Are there failing schools? We know there are. Is the primary cause usually poor teaching and bad administrators? No. More often the cause is the socio-economic level of the student population, the dearth of resources, and inadequate or non-existent staff development. It should now be conventional wisdom that the measures that determine which schools are failing are simplistic and of limited validity. And yes, there are some bad teachers and ineffective administrators. The proportion of those in comparison to second-rate lawyers and third-rate politicians is probably fairly low however.

Are teacher unions flawed and do some provide too much protection for ineffective teachers? Yes. Teacher unions should take more responsibility for improving the quality of the profession. But they also protect teachers and, indirectly, students, from misguided processes of evaluation, policies that undermine teaching effectiveness, second-rate working conditions, and attempts to control the curriculum by groups who lack the expertise and often have an agenda that undermines the effective education of children. Attacks that verge on union busting are highly destructive.

And now we come to the role of parents. I’ve spent most of my long professional career arguing strongly for the significant inclusion of parents in educational decision-making. But laws that give parents the power to take over a “failing” school take parent involvement into the Twilight Zone. This movie depicts an inspiring story of parental revolt, but fails to reveal that the actual efforts to use these laws have been significantly driven by billionaire-funded supporters of privatization, and have created great acrimony and division. There is no evidence that these efforts have improved any schools.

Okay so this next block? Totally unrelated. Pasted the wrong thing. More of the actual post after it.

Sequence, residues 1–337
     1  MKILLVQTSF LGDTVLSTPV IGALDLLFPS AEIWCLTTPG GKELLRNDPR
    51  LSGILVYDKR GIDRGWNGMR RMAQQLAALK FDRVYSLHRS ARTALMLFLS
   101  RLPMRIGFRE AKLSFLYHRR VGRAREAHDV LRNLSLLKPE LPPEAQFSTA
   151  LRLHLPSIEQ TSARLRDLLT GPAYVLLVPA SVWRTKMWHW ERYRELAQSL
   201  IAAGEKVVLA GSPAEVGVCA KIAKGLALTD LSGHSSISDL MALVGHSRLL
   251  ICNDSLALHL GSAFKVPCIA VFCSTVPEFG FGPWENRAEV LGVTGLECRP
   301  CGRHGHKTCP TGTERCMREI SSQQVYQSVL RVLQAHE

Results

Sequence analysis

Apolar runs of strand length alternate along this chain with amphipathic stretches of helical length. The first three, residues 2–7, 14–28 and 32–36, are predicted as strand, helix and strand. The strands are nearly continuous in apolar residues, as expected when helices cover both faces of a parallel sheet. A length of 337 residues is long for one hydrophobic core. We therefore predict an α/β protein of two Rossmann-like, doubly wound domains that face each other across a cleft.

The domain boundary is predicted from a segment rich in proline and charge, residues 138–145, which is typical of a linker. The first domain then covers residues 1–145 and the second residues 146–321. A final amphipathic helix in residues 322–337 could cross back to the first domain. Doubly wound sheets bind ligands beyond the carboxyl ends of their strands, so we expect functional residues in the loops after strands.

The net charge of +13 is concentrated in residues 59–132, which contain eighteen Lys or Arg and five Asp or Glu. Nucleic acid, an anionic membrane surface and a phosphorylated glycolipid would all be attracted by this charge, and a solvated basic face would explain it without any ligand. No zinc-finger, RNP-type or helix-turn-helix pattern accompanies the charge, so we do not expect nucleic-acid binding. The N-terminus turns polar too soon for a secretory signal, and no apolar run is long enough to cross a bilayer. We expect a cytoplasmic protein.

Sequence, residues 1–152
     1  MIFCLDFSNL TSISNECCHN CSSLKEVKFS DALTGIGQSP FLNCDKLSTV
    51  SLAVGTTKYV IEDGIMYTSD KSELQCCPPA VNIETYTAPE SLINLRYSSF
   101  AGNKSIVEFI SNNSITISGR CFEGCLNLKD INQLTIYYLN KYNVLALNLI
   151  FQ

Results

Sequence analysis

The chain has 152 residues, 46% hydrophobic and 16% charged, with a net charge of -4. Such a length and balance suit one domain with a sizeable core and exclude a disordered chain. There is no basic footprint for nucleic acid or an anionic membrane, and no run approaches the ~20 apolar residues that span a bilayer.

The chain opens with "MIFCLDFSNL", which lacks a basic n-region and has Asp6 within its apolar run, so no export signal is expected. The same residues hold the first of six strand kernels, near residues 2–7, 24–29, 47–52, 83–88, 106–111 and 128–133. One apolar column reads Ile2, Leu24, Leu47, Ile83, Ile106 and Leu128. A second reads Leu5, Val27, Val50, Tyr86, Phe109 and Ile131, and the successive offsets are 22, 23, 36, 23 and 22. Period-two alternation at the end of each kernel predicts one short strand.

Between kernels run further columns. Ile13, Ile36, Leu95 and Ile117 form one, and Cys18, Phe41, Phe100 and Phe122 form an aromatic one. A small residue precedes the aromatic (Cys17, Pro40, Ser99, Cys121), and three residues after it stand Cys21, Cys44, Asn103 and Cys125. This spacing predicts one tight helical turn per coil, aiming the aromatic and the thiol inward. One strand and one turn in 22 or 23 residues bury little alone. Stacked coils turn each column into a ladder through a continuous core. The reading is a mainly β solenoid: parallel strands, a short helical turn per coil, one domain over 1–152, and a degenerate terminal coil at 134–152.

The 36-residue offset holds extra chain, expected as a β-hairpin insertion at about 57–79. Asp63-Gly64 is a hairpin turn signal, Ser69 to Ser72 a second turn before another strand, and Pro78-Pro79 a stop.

I wonder if anyone is thinking about proposing a law that would give patients the power to take over a “failing” hospital, perhaps measured by recovery rates. Think about how that might play out!

Parents who are working to improve their schools can really be heroes. But the greatest success has taken place where parents, teachers, educational leaders, and, sometimes, policy makers have worked together to bring about change. This film is eliciting a lot of debate of the issues, but I don’t think we should be debating. Our best response is to collaboratively wrestle with the very complex problems it raises, problems and challenges that will not be solved by simplistic diagnosis and simplistic answers.

The bottom line is that while any filmmaker has the absolute right to present his or her point of view, this emotionally manipulative and dramatically effective film is propaganda that further polarizes parents and educators, distorts educational issues, and presents simplistic misguided solutions. It doesn’t help solve our educational problems; it magnifies them.